Vision for the Great Lakes at TEDxTalks by Philip Enquist of SOM

This past July Philip Enquist of SOM spoke to the city of , Minnesota as a part of TEDxTalks Mill City series.  His focus was to raise awareness and also challenge the Great Lake and St. Lawrence watershed residents to “imagine there are no borders”.  This video hits close to home, as I grew up in the Great Lakes watershed region.  His lecture is informative and revealing of the responsibility there is to utilize and protect this great resource of the United States.

At the end of the video you find yourself wondering why haven’t we already created a plan for the Great Lakes region.  Possibly the size of this region or the international boarder running through it has failed to put it on many people’s radar screens.  Either way Enquist lays out an achievable ten point plan (overview after the break) to focus on where this 100 year vision could be a global example of human balance with nature, beyond two nations.

Courtesy of

Following Enquist’s lecture the mayors of the Great Lake and St. Lawrence Cities Initiative voted to approve a regional sustainability program.

Here is a final thought from Peter Annin in The Great Lakes Water Wars, “The Great Lakes regional economy is a $2 trillion juggernaut.  If the region were a country, it would have the third largest economy in the world; only the United States and Japanese economies are larger.”

Ten Points as follows:

1. Green Cities and Great Lakes – the cities located directly on the Great Lakes replace old energy with renewable energy, and have smarter infrastructure systems

2. Bigger than a National Park – Canada and United State collaborate their watershed area into a Great Lakes Park

3. Great Minds and Great Lakes – unify all academic institutions around Great Lake and St. Lawrence region to enter into global class rooms, sharing ideas, and raising awareness on how to live in balance

4. Blue is the New Green – drinkable and swimmable water that can support all habitats and have high water quality

5 Tapping Renewable Energy – neither the United State nor Canada have a comprehensive energy plan, however together they could create a Great Lakes energy plan

6 Achieving Mobility – link major metropolitan regions together, create regional bicycle lanes, connecting states and nations

7 Leaders in Climate Change Policy and Technology – become leaders in climate change policy and technology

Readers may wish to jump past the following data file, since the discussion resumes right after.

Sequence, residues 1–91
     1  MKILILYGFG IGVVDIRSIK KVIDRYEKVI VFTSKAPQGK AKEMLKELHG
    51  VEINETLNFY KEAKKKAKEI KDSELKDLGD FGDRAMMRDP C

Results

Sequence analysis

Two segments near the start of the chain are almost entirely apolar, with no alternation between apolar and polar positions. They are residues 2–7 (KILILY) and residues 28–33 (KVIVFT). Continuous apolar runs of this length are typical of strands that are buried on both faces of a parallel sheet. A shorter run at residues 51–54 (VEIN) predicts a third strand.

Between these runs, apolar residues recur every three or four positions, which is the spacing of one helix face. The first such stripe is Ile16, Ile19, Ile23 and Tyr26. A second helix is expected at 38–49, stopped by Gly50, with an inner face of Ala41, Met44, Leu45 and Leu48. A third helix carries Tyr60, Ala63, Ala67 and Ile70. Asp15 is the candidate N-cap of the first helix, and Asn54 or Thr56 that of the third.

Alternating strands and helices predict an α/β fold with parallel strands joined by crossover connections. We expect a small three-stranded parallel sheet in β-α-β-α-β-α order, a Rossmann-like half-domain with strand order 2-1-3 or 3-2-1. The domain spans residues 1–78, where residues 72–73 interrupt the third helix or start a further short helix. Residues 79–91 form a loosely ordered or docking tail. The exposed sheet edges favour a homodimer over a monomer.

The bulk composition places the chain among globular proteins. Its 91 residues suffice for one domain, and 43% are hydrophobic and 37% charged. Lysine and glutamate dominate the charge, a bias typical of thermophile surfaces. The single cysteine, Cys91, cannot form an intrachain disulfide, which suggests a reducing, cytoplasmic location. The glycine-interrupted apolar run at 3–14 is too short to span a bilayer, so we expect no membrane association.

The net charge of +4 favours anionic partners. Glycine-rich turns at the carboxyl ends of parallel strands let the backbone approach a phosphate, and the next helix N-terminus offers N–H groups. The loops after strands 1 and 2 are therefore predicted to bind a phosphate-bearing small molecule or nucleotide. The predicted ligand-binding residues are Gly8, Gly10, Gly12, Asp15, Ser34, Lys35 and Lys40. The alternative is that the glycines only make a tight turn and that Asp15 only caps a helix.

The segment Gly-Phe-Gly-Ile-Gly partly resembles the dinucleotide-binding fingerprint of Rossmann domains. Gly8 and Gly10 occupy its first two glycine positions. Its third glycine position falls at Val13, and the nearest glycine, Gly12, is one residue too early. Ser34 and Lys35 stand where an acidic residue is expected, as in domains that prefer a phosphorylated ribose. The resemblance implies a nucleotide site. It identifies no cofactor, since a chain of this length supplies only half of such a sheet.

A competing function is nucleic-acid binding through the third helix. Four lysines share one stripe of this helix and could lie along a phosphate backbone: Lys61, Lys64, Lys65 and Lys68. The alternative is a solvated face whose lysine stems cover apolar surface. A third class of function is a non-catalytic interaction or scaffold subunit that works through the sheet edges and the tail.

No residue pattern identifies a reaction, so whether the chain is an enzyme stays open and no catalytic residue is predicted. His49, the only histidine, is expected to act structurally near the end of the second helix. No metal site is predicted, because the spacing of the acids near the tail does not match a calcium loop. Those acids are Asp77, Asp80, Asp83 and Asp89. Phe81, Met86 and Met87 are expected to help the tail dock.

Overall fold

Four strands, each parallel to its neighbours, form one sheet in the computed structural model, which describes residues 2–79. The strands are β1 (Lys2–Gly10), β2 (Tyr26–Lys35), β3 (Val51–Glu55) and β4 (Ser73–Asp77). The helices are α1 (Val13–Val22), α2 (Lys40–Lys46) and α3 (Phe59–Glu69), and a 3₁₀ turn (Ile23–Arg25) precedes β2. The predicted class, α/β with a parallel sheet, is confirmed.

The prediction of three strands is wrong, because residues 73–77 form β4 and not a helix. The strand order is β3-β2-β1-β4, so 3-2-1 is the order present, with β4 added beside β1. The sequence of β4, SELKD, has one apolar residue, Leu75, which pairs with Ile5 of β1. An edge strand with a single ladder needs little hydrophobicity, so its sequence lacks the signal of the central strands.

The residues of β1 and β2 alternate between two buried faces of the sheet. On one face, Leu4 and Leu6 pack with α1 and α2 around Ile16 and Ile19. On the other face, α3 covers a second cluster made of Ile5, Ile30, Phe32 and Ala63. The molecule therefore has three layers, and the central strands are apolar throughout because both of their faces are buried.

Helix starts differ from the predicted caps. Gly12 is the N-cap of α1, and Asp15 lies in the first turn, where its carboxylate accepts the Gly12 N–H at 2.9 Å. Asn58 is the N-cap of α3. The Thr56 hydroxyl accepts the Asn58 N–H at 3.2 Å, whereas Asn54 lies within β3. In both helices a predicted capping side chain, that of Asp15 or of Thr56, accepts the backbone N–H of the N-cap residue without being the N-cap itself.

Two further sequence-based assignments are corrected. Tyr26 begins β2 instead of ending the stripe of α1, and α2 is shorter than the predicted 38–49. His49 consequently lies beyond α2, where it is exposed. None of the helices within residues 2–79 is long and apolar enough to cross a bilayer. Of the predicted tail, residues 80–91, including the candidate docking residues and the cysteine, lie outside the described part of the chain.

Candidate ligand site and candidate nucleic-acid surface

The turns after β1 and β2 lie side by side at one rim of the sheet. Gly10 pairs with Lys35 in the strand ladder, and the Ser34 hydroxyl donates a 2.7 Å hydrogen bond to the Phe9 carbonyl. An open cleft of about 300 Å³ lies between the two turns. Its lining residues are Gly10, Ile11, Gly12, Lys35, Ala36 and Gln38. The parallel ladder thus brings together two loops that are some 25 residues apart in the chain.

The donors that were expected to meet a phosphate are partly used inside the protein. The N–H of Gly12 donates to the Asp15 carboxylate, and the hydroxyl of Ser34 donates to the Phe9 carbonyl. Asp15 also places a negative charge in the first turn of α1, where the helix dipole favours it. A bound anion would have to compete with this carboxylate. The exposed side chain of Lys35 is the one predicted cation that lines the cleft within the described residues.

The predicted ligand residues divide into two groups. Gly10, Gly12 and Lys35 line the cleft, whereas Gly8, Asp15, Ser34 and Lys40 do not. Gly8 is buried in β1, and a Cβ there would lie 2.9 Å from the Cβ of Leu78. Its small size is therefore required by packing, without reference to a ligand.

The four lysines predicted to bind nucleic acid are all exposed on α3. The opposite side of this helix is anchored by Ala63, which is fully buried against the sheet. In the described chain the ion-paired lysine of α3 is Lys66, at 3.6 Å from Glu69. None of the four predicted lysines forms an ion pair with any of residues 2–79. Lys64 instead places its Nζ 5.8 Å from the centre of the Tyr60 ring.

8 Commitment to Locally Grown Food – emphasis of growing locally, for example an average tomato travels between 1,200 and 2,000miles (from farm to kitchen), with local growing this could be reduced to 100 miles

9 Rediscover the Lakes – enjoy our lakes and increase tourism industry

10 Many Peoples one Water – uniquely united by a flowing boarder, celebrate history and cultural diversity

You can find more on the Vision for the Great Lakes & St. Lawrence Region at SOM.

Cite: Minner, Kelly. "Vision for the Great Lakes at TEDxTalks by Philip Enquist of SOM" 22 Oct 2010. ArchDaily. Accessed 03 Sep 2014. <http://www.archdaily.com/?p=84038>

2 comments

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    This is a visionary future for the Great Lakes region. I agree with absolutely everything, indeed this is a viable path to better cooperation, economic progress, and tomorrow .
    In one point, a small point in the presentation: renewable energy, or more specifically, harnessing wind power is given almost a brief mention. The presentation states to keep the harnessing of wind in urban areas – and I couldn’t agree more. In a vast and beautiful pristine wilderness coast – such as the coast along Lake Superior, recently voted the most beautiful drive in Canada – wind farms have a devastating impact on the ecology, habitat, recreative potential and intangible value of the coast.
    Windmills are massive structures, 40 storeys in height – and require 50m wide roads to place and maintain them. That’s a road as wide as the TransCanada highway. Windmills are placed at the top of hills, and roads always circumvent to get there – in a rugged area this means many hundreds of 50m wide roads which which will snake through the hills along the coast – absolutely devastating the ecosystem and habitat of the coastal areas.
    Remember that evocative emotion you had as a child, under the stars at a camp fire by the side of a lake? Now replace that with a view of hundreds of glaring red aircraft lights, stretching and blinking across the entire horizon, visible for dozens of miles – lights which flash in a randomized order, completely independant of eachother. Its excruciating to witness. I won’t go into detail of the aesthetics of these developments in daylight hours – needless to say they ruin the subliminal value of the area.

    There are several large energy firms looking to cash in on the public’s desire for sustainable energy and seeking to exploit this area. Callously placing wind mills along the entire northern coast (which is what their objective is) will not solve our energy crisis. I had to raise awareness in of this important subject – as I feel one of North America’s greatest treasures could be permanently destroyed.

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